(Adds more details of plaintiffs’ accusations)
NEW YORK, Aug 1 (Reuters) - A $200 million gender discrimination lawsuit filed against a U.S. unit of Novartis AG NOVN.VX by 19 women sales representatives can proceed as a class-action case, a federal judge has ruled.
The lawsuit, filed in 2004 in U.S. District Court in Manhattan, contends that women were discriminated against in pay and promotions, especially when they became pregnant. They are seeking back pay, damages and other compensation.
U.S. District Judge Gerard Lynch, in a ruling dated Tuesday, said the women could pursue their case collectively rather than as individuals.
The ruling “means that approximately 5,000 women -- maybe more -- around the country who are current or former employees of Novartis will be able to participate in a class trial in federal court,” said David Sanford, of law firm Sanford, Wittels & Heisler, LLP, who represents the plaintiffs.
The lawsuit was filed against Novartis Pharmaceuticals, a U.S. unit of the Swiss drug maker, as well as against the unit’s parent, Novartis Corp. In his ruling, Judge Lynch dismissed Novartis Corp. as a defendant, saying it could not be held liable for its subsidiary’s actions.
Novartis Pharmaceuticals has about 6,000 employees and is based in East Hanover, New Jersey.
The plaintiffs contend they received lower pay and lost out on promotions because they are women and in some cases were subjected to a sexually hostile work environment.
Among the allegations cited in the judge’s ruling were contentions by one saleswoman that her manager told her that he preferred not to hire young females, explaining, “‘First comes love, then comes marriage, then comes flex time and a baby carriage.’”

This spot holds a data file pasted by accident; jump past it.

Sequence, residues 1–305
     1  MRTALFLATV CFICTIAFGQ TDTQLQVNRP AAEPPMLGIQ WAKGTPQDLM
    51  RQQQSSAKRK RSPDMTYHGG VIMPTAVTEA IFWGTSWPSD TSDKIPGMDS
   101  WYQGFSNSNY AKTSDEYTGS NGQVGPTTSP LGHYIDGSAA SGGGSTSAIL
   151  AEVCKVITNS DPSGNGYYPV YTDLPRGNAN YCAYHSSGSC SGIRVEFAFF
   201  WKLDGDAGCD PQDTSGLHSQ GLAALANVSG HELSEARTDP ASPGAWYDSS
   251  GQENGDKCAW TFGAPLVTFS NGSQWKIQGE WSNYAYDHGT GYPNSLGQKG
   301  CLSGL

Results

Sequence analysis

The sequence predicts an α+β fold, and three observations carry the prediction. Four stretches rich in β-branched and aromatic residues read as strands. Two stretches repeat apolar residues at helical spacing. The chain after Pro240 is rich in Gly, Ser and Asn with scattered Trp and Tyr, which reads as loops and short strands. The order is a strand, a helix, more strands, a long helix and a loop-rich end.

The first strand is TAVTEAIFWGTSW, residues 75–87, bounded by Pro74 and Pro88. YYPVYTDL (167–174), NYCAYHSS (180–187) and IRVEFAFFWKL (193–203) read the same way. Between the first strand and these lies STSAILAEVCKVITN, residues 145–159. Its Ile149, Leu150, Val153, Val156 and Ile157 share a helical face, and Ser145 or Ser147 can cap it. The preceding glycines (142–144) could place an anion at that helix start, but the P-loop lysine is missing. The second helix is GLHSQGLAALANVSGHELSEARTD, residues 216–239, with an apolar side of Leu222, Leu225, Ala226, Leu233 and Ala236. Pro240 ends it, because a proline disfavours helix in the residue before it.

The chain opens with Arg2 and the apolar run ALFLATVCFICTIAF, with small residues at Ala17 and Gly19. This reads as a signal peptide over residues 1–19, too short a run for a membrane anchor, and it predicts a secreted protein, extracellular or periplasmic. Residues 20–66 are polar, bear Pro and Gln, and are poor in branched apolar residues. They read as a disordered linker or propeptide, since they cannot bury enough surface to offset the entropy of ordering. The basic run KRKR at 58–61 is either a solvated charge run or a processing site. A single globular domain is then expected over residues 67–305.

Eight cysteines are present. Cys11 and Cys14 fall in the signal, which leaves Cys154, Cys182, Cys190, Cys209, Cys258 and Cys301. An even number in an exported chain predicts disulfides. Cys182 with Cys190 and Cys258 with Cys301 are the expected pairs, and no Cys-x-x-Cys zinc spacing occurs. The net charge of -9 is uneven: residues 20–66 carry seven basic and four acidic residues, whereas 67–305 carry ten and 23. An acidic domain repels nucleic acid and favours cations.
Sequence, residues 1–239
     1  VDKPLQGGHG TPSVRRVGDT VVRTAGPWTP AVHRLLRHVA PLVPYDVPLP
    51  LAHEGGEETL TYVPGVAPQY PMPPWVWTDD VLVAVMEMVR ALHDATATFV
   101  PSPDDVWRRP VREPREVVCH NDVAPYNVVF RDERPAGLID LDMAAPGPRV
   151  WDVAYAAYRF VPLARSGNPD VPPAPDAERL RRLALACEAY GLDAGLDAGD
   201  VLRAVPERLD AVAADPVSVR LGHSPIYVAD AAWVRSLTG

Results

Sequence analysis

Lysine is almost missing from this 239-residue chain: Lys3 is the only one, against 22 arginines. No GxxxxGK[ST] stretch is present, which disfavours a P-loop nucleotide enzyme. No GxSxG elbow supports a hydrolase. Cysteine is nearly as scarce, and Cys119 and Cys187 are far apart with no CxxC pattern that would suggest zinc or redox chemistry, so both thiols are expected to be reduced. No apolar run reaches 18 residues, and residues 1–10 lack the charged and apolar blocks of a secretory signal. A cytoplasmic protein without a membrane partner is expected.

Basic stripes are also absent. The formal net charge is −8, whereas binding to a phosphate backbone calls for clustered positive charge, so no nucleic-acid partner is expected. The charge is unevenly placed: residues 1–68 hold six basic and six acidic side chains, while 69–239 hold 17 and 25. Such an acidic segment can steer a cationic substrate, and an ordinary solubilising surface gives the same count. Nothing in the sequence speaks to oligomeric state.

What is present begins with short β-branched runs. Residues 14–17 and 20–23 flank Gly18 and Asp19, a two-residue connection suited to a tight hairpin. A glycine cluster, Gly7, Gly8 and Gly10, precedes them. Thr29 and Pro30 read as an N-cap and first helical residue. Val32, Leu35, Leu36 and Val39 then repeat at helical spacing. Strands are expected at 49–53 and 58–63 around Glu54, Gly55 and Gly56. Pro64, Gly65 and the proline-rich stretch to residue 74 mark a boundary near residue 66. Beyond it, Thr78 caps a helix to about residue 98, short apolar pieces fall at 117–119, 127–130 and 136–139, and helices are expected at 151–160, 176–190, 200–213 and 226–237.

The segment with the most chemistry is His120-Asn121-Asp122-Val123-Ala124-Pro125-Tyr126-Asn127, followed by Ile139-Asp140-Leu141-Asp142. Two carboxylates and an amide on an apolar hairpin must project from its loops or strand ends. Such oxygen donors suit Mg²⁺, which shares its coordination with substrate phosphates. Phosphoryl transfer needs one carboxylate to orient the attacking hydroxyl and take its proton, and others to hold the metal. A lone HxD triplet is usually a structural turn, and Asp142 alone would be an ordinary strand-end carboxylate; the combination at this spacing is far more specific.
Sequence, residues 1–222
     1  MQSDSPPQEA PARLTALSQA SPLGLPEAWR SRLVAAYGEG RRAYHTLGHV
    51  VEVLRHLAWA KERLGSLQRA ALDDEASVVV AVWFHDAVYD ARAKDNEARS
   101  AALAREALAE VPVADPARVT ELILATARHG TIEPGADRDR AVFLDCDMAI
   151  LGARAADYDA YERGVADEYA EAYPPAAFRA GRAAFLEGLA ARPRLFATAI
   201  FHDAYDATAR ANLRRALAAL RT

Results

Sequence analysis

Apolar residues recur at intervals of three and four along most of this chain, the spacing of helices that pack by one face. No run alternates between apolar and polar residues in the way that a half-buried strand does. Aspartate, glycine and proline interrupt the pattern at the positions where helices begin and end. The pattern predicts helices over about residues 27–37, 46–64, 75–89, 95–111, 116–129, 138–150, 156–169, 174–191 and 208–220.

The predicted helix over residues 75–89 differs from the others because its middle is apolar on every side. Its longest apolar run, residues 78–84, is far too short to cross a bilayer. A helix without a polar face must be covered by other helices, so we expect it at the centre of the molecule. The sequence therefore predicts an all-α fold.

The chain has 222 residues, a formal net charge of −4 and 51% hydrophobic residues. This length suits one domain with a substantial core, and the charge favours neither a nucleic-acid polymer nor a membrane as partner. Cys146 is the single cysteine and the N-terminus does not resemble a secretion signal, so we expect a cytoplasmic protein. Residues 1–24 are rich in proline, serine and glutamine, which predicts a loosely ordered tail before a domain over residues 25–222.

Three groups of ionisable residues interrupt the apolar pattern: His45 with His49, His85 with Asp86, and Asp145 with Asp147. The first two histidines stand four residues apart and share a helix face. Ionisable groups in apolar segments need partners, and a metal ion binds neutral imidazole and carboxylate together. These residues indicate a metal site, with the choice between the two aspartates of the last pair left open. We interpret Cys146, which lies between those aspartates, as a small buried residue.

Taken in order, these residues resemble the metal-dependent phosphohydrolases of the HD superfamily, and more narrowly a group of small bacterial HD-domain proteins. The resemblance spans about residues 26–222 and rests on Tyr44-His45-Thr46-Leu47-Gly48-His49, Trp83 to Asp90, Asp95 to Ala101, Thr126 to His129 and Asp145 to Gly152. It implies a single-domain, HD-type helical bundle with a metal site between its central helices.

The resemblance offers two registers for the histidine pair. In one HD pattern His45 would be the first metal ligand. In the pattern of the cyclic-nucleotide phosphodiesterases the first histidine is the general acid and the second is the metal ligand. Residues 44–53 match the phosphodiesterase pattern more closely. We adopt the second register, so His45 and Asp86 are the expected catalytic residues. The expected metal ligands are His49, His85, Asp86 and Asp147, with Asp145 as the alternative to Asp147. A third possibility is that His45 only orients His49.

Another manager allegedly encouraged a woman to get an abortion, according to the court documents.
Other accusations include contentions by a woman that employees were urged during a training session to avoid getting pregnant. According to the court documents, the woman, who was five months pregnant at the time, contends that she drew the eye of the trainer, who said, “Oops, too late.”
Novartis spokesman Sheldon Jones said the company’s lawyers were reviewing the document.
Sanford said no trial date had been set but that he hoped to bring the case to trial next year.
The lawsuit originally sought more than $100 million in damages, which was later increased to more than $200 million in a revised complaint. (Reporting by Martha Graybow)
Our Standards: The Thomson Reuters Trust Principles.